educational process, the student role is limited to memorizing the course information and books, retrieving it in the memory and recalling it in the time of the test, which affects the academic adjustment. The teacher-learner relationship means score was the last (M = 1.05), this result is caused by the teachers missing to encourage the students, care for them, provide them with the ideas, the educational materials and the strategies required in the academic field, and to recognize students expectations about themselves, in addition to increasing the awareness about the university system and environment, this may be attributed to several factors such as the teachers’ academic concerns, the large number of the students in the classroom or lack of teachers’ training. The current study recommends conducting studies to find the extent of teacher’s adherence to roles in teaching the students and the obstacles hindering them. These results disagree with the results of [16] , the authors found that students’ adjustment is enviable for the first year students at the university to succeed in their college education, the sample academic level in the study was moderate, and the means score of the overall test was 1.21.

The Academic dimension

In Table 12 we can observe that the means scores range between 0.73 - 1.73 degrees, item 11 “My attention is often distracted in the lecture” was first (M = 1.73), while item 2 “I always have test anxiety” was the last (M = 0.73), the overall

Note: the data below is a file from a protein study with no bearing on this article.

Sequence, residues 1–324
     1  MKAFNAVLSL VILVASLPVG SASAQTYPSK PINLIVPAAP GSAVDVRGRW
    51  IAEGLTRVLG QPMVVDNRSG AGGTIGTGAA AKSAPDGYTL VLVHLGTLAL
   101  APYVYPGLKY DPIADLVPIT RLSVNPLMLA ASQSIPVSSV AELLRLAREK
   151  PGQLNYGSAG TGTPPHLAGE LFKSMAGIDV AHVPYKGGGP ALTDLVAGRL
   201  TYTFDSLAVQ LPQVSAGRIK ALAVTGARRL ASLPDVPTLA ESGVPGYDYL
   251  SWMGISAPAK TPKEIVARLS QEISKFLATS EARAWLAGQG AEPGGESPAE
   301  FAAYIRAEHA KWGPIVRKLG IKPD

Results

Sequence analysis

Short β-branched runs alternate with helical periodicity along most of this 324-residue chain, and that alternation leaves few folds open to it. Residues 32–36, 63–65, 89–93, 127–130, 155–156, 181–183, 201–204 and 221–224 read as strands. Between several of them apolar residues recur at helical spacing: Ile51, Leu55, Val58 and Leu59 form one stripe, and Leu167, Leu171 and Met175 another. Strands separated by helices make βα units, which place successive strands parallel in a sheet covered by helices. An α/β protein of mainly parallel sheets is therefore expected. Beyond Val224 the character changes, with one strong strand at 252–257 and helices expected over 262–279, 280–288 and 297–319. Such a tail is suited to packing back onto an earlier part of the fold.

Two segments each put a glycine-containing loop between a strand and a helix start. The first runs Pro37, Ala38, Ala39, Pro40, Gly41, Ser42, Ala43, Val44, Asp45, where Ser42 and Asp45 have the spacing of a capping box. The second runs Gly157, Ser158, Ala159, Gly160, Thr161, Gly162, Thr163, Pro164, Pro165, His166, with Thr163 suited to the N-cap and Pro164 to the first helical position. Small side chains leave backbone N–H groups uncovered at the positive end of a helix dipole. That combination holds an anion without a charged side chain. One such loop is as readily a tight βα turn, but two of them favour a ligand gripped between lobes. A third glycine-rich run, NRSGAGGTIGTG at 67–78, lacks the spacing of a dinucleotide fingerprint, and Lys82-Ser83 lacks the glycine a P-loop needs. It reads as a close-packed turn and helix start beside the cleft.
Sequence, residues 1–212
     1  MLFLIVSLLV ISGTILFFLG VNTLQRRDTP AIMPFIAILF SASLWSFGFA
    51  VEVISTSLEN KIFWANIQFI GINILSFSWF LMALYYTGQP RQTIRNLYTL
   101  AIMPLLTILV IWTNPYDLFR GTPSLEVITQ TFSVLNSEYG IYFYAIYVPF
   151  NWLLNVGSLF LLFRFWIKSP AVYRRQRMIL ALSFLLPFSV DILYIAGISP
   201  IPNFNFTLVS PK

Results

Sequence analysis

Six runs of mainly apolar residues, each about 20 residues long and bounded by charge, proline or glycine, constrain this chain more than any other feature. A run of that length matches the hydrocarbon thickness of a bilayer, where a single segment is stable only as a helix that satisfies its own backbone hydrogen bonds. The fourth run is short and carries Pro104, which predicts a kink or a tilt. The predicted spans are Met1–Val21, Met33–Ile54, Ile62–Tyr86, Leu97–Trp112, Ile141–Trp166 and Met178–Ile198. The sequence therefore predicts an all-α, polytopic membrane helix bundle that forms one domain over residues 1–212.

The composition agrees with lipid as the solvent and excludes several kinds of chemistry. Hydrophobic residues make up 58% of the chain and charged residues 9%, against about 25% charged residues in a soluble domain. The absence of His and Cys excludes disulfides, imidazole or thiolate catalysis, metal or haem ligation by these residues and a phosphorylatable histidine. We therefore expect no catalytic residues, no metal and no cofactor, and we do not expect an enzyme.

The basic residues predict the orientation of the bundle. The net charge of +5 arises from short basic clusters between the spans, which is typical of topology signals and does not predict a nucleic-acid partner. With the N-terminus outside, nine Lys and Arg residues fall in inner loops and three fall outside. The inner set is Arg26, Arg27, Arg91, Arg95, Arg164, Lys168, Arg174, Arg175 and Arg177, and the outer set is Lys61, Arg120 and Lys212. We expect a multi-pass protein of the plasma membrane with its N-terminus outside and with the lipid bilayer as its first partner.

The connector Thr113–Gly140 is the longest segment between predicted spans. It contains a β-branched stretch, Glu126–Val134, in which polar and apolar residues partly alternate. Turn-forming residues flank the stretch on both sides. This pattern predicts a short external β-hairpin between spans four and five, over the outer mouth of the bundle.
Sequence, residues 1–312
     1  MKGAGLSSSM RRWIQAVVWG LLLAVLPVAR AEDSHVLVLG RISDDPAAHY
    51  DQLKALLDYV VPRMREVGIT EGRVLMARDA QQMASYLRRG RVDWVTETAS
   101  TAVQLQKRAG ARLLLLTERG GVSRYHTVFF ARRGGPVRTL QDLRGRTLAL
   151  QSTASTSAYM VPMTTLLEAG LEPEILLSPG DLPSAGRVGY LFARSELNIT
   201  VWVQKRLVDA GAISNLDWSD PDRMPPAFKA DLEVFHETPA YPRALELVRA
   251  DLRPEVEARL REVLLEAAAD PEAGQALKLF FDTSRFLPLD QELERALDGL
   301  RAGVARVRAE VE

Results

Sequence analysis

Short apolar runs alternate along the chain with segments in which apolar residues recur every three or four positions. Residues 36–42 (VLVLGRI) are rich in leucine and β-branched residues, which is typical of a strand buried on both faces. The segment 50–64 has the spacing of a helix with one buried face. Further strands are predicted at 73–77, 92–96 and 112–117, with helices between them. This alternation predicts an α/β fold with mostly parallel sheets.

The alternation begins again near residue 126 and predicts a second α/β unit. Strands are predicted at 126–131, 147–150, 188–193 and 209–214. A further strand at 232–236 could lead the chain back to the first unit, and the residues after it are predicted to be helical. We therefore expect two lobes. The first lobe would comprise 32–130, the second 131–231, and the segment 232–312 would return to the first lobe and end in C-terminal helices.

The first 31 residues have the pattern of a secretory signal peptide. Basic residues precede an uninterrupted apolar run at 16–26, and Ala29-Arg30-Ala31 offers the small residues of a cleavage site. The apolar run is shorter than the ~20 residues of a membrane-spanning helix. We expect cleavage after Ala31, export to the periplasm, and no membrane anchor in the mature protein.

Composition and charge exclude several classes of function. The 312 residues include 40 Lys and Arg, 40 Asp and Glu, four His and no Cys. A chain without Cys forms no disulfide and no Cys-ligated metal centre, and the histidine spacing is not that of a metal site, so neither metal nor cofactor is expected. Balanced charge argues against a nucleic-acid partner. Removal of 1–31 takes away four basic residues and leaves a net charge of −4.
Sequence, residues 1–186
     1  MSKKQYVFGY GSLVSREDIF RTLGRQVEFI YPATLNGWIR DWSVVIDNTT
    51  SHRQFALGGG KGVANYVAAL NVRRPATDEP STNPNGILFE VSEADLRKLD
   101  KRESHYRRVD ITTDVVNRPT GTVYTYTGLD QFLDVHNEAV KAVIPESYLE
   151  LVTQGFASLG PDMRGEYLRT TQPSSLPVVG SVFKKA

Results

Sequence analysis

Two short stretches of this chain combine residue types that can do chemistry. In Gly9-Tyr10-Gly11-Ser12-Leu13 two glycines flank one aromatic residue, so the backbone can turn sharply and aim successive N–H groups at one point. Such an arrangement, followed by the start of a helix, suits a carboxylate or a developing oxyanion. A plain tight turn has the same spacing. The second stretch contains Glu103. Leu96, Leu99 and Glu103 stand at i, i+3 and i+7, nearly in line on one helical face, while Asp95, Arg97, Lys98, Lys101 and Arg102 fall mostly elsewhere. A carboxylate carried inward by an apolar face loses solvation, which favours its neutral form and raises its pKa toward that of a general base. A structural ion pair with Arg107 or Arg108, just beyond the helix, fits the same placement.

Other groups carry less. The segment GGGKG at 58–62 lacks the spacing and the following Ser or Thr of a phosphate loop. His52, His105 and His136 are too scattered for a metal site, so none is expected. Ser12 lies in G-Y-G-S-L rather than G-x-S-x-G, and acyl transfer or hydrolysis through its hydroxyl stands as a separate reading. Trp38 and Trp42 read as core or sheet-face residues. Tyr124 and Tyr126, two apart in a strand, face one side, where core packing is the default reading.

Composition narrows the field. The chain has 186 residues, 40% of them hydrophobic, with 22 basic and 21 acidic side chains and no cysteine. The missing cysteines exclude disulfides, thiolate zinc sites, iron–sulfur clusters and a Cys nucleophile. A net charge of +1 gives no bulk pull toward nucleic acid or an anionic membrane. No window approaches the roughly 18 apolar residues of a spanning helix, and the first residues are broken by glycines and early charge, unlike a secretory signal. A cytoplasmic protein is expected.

Table 12. Means and standard deviations of the academic dimension in means descendant order.

means of the academic dimension score was 1.28 degrees. The two items may seem correlated; this result may be attributed to the fact that the test anxiety is natural and may be motivational to exhaust more effort and perseverance, but the anxiety should not exceed the normal limit, because if the student reached a high degree of test anxiety her attention would be distracted and may be venerable for certain physiological disorders. Anxiety and distraction may have several reasons such as postponing serious study to the night of the exam, rely on mere memorizing of the material, weakness in connecting ideas, lack of thinking about mental disorders and social problems, lack of self-capacity recognition, inability to summarize the study material, inability to identify clear basic ideas or lack of student’s self-confidence.

The Tendency toward the University Dimension

It is inferred from Table 13 that the means scores range between 0.41 - 1.65, item 27 “I feel the day at the university is too long” score was ranked first and a means of 1.65, whereas item 24 “The university provides total freedom” score was ranked the last and a means of 0.41, the overall tendency toward the university means score was 1.27. the two items may seem correlated the first item ranked first and the second item ranked last, this result may be explained by the university rules providing transportation for the students, where the bus reaches the university at a certain time and leaves at a certain time, and the student is obliged to wait for the return even if she has one lecture only, the second item gives the students constrained freedom because students have to wear the uniform and the activities are limited in timing and type.